Ireland’s men can draw inspiration from women’s World Cup heroics
Stephen Findlater, The Hook
Ireland’s men are hoping they can draw inspiration from their female counterpart’s incredible summer silver-medal winning heroics as they make their first appearance at a Hockey World Cup since 1990.
They get their campaign under way on Friday, November 30th in Bhubaneswar in India, facing the massive challenge of the current world number one ranked side and reigning champions Australia.
While the Green Machine have never beaten the Kookaburras in a competitive match, the women’s journey shows anything is possible and defender Jonny Bell says it gives them plenty of motivation.
“What they achieved in the summer was incredible and has just added to this really special phase in the history of Irish hockey,” Bell said ahead of the tournament.
“Both the men and women are now competing in the top ten; we have defied the odds, beating teams higher ranked than us in the past and we will have to do that again if we want to emulate what the women did. We can take inspiration from that.”
Game one poses a daunting task against Australia. The Kookaburras are the only side Ireland have never beaten in a capped international match, their best result a 1-0 loss in Sydney back in 1979.
It gives a measure of the challenge in front of them but Ireland did scratch New Zealand off the winless list last summer with a 1-0 success and ran up their biggest win over Germany (4-2) within the last 18 months so they have been breaking new ground.
Next on the card for Alexander Cox’s tenth-ranked side are group matches against outsiders China (December 4th). The world number 17 side provide a real unknown quantity and any recent video clips of them in action are in short supply following their decision to withdraw from the Asian Games in August this year.
Ireland have won their last four meeting with the Chinese, most notably the last time out with a 6-0 success in Antwerp in the Olympic qualifying process.
The group closes with a potentially vital date with England (December 7th), a team Ireland have beaten twice in the past month in the warm-up games in Valencia.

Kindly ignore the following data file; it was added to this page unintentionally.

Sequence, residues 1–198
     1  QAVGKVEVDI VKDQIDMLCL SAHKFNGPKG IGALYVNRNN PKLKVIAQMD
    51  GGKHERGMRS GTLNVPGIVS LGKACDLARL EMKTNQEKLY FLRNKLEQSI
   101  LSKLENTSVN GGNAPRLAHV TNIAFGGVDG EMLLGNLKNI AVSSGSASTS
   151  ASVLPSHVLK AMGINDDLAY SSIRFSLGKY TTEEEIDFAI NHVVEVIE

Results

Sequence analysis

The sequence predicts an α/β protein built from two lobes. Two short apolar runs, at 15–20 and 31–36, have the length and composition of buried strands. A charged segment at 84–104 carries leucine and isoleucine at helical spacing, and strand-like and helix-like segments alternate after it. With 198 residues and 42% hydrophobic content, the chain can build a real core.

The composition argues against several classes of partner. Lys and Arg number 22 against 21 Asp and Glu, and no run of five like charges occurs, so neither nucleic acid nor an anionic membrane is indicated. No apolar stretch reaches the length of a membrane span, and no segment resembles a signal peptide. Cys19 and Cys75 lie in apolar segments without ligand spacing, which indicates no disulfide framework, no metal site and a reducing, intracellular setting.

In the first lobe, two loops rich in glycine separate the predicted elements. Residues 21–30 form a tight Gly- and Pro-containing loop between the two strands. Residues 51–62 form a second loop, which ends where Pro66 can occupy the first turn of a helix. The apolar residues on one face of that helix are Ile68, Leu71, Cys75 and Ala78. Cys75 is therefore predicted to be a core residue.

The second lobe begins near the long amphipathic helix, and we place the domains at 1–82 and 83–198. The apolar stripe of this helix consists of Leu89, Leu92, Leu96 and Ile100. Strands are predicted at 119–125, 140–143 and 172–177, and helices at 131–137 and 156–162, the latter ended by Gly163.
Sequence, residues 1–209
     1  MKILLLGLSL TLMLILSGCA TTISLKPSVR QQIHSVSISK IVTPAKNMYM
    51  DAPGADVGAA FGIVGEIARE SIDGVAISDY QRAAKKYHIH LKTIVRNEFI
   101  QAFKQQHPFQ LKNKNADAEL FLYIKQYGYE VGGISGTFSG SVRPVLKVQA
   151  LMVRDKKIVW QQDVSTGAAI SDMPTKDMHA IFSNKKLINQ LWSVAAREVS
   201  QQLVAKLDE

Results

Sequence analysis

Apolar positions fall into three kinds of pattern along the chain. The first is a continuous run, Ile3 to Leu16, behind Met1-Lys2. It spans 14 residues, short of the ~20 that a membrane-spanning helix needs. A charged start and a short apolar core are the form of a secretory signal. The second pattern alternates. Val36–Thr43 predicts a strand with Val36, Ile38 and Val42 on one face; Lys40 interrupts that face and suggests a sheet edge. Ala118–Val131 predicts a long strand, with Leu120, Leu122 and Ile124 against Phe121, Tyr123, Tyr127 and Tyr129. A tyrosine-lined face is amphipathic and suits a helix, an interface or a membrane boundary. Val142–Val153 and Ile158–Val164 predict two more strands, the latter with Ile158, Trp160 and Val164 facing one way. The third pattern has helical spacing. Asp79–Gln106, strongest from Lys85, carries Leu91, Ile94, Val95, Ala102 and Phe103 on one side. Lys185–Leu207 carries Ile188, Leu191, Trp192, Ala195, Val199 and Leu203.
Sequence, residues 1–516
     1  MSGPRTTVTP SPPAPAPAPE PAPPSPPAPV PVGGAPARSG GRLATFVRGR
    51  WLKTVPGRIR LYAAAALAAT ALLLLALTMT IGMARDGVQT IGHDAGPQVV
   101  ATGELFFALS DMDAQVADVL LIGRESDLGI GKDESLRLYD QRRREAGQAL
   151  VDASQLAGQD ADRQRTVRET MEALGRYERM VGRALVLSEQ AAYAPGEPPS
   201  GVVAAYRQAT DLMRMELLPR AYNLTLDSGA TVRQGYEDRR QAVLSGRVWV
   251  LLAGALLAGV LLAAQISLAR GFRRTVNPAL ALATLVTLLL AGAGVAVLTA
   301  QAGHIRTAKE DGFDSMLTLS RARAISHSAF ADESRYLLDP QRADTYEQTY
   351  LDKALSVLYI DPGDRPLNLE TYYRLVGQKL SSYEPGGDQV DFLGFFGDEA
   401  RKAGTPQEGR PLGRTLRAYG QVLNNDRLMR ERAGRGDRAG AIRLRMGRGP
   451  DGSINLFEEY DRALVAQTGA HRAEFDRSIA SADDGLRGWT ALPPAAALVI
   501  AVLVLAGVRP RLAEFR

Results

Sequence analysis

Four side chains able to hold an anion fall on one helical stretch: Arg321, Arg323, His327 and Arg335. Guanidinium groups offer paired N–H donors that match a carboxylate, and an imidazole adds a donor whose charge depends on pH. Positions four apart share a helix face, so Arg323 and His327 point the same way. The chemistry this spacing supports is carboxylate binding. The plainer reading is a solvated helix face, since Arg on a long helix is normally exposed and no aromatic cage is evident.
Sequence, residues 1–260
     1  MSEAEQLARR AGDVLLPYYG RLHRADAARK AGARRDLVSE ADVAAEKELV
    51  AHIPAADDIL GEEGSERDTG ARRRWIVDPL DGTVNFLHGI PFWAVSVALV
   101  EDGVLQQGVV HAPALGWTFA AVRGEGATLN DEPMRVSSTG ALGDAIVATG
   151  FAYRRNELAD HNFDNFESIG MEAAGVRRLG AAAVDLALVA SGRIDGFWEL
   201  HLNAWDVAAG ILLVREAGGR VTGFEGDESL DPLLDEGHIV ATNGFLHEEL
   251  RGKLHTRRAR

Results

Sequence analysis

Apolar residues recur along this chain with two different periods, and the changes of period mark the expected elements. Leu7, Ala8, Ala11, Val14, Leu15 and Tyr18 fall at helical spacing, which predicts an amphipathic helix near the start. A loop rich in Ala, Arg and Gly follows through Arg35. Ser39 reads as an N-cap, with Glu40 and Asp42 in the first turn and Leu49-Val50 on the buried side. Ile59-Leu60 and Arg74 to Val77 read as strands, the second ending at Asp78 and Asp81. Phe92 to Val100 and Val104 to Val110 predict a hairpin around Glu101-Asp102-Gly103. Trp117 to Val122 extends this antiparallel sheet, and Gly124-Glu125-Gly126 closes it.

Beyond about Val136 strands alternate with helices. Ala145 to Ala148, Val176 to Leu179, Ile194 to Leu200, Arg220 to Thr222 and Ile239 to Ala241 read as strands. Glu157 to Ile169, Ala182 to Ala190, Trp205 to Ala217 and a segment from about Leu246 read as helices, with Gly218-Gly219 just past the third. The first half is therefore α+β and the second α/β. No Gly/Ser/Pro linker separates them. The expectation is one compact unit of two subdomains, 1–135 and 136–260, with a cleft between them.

The English have since been further rocked by the absence of key striker Sam Ward due to concussion. While the omens are good, the English should still go into the tie as clear favourites with their side being the best-financed of any in the world game due to their national lottery support.
They do feature three former Irish internationals – Ian Sloan, David Ames and Mark Gleghorne – who have been part of their full-time programme for a number of years and Barry Middleton is set to take part in his fourth World Cup, showing their experience.
The top side in the group will advance direct to the quarter-finals while second and third go into the crossover phase. From this series, the quarter-final line-up will be completed.
The tournament, though, represents another peak in the Green Machine's excellent recent past. This World Cup qualification follows a European Championship bronze medal in 2015 and, a year later, they became the first Irish team in over a century to play in the Olympic Games in Rio.
In 2017, the World Cup ticket was achieved with a fifth place finish at the World League semi-finals, beating New Zealand for the very first time in the decisive match.
It hands Bell and his team mates an incredible stage to make their mark. The hosting Kalinga stadium in Odisha in eastern India is one of the world’s iconic hockey venues and is set to welcome fervent home crowds.
“India is a hockey-mad nation and I am sure there will be that buzz and energy.” Bell continued. “It has been a lifetime goal to play there. I have been a couple of times in Malaysia and the conditions could be similar, maybe a little more humid than India.
“I have no doubt we will go there and show the qualities we have in the squad.”
Odisha World Cup Fixtures
(All times listed are local)
11.30 Ireland vs Australia
13:30 Ireland vs China
13:30 Ireland vs England
Bronze Medal Match